Zero-carbon or green hydrogen is a source of renewable energy that may supplement solar and wind power.
Hydrogen combustion produces water as a by-product. For decades, this made it attractive as a source of sought-after zero-carbon energy. However, the old way of creating this element is far from being so, for it involves exposing fossil fuels to steam.
The ‘colors’ of hydrogen
Meanwhile, green hydrogen is produced differently. Its production involves electrolysis, where machines are used to split water into its elemental parts, oxygen, and hydrogen. There are no by-products.
Zero-carbon or green hydrogen is a source of renewable energy that may supplement solar and wind power
The feasibility of electrolysis
Traditionally, the process of electrolysis needed massive amounts of electricity. Creating hydrogen from such an approach was unthought of.
Now, the situation is quickly being changed because of two factors. There is the availability of significant renewable and excess electricity from the grid-scale in the first place. Instead of storing excess electricity in battery arrays, this extra amount is used to apply water electrolysis. This then stores electricity as hydrogen.
In the second place, electrolyzer equipment is increasing inefficiency.
Using and integrating electrolyzers
Companies are now trying to develop an electrolyzer system that can make green hydrogen as cheap as blue and gray hydrogen production. According to analysts, this goal is attainable within the coming decade.
Meanwhile, producers of energy now look at directly integrating electrolyzers into projects for renewable power. An example is a Gigastack project. A consortium aims to provide the Hornsea Two offshore wind farm of Ørsted with electrolyzers with up to 100 megawatts to produce enough green hydrogen to reach industrial scale levels.
The potential of green hydrogen
The technologies for renewable energy are currently focused on solar power and wind power. They can decarbonize energy up to 85%, reducing that amount of coal and gas use.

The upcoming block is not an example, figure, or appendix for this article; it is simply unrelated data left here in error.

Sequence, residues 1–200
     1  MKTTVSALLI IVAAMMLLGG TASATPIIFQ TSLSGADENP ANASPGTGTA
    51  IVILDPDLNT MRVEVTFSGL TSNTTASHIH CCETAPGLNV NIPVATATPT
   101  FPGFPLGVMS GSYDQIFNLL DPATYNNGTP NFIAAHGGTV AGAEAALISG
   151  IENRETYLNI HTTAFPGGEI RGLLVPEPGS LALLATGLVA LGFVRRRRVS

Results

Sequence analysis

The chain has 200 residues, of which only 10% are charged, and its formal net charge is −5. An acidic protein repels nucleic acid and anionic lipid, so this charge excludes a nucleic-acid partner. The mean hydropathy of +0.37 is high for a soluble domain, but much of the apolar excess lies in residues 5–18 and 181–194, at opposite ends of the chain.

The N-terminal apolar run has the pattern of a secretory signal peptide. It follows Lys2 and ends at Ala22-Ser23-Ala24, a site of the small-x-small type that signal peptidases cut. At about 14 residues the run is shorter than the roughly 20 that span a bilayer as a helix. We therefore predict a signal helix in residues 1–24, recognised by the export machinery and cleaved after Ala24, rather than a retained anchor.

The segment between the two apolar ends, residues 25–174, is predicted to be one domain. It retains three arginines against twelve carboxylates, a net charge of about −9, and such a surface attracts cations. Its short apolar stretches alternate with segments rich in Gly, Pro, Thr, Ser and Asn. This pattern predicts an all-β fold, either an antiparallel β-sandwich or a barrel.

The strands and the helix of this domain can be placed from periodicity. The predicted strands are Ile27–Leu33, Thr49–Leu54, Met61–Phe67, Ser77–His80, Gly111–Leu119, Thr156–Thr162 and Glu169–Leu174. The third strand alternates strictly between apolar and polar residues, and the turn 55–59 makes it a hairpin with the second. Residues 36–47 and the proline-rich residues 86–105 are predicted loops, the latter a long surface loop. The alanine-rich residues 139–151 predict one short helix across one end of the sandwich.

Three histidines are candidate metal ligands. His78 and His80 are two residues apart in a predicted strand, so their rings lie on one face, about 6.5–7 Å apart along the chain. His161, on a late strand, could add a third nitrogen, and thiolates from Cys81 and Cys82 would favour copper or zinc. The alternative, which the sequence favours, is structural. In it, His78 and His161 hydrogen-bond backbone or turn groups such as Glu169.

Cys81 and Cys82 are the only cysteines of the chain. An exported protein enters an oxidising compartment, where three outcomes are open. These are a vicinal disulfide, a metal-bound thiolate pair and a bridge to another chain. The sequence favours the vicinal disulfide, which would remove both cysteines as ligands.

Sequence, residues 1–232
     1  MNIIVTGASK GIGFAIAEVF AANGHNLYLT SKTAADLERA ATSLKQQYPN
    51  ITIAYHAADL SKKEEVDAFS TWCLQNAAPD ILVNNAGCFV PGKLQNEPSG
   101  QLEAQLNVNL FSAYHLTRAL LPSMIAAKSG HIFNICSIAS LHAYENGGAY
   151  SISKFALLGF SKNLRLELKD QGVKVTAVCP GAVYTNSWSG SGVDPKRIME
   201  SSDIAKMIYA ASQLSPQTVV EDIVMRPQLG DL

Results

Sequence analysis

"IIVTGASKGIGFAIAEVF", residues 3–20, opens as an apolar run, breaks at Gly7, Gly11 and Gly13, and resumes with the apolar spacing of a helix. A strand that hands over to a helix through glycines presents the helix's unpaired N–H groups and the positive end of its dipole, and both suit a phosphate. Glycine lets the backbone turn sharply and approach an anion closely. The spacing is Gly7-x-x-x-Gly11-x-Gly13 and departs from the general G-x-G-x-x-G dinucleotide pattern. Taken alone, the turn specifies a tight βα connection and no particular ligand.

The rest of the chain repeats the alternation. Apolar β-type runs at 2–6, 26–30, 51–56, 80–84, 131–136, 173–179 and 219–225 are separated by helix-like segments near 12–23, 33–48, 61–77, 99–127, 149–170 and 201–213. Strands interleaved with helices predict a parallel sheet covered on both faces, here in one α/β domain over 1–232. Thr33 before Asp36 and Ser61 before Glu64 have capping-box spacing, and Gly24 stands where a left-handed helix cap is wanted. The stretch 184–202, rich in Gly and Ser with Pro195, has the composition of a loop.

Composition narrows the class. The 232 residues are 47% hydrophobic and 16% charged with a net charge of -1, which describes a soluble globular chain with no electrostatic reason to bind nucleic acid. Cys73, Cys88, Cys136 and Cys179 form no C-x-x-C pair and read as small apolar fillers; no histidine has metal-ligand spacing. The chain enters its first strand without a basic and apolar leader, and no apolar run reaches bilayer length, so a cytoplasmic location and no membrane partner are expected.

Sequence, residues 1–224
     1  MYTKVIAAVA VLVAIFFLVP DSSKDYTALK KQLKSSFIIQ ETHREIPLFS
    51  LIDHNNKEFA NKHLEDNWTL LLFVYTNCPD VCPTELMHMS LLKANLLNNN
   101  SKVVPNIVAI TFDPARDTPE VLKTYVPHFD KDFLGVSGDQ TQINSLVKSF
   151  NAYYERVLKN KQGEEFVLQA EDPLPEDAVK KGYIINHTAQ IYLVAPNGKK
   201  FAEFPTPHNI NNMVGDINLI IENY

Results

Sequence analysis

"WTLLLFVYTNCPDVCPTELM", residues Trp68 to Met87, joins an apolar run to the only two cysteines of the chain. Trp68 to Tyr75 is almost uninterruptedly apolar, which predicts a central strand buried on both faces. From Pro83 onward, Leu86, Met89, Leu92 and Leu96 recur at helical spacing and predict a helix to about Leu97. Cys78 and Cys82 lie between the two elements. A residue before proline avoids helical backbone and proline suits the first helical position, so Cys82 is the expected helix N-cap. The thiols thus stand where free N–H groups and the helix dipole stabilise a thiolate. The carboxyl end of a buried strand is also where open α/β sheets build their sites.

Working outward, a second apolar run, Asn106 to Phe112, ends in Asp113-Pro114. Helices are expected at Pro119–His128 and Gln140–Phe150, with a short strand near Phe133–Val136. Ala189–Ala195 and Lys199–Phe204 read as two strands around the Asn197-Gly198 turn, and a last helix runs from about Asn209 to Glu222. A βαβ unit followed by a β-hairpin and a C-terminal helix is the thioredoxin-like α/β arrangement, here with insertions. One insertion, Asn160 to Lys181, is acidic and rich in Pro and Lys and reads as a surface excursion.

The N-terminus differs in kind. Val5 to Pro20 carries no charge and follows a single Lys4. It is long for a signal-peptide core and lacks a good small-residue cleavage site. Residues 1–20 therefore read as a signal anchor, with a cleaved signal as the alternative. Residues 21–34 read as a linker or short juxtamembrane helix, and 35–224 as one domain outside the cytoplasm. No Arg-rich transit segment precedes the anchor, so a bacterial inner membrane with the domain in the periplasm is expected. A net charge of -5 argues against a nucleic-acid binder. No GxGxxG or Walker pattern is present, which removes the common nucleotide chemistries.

In contrast, it is harder to electrify the other industry components, particularly in shipping and distributing energy. This is because they usually need either high energy fuel or fuel that heats in elevated temperature.
According to the industry group Energy Transitions Commission, green hydrogen’s potential is seen in such sectors. It says that green hydrogen counts as one of the four technologies needed to meet the Paris Agreement’s goal, which seeks to abate over ten carbon dioxide gigatons per year from some of the most challenging industry sectors, such as construction, chemicals, and mining.
Investing in green hydrogen
The technology of green hydrogen is not yet fully developed and integrated. However, countries are interested in investing in it, such as Australia, who intends to export green hydrogen produced from its massive wind power and solar power sources.
Chile also looks at producing green hydrogen in its arid northern region, where there is a lot of solar electricity. As for China, it wants to make one million vehicles running on hydrogen fuel-cells by the year 2030.
Other projects are being conducted in the US, Malaysia, and South Korea. California, in particular, wants to phase out conventional buses by the year 2040. Meanwhile, the European Commission drafted a 2030 strategy that involves increasing its present 0.1-gigawatt capacity to 500 gigawatts by the year 2050.
Goldman Sachs forecasted how green hydrogen would reach a market value of 12 trillion dollars by 2050. This will make zero-carbon or green hydrogen a central energy player that complements solar and wind.
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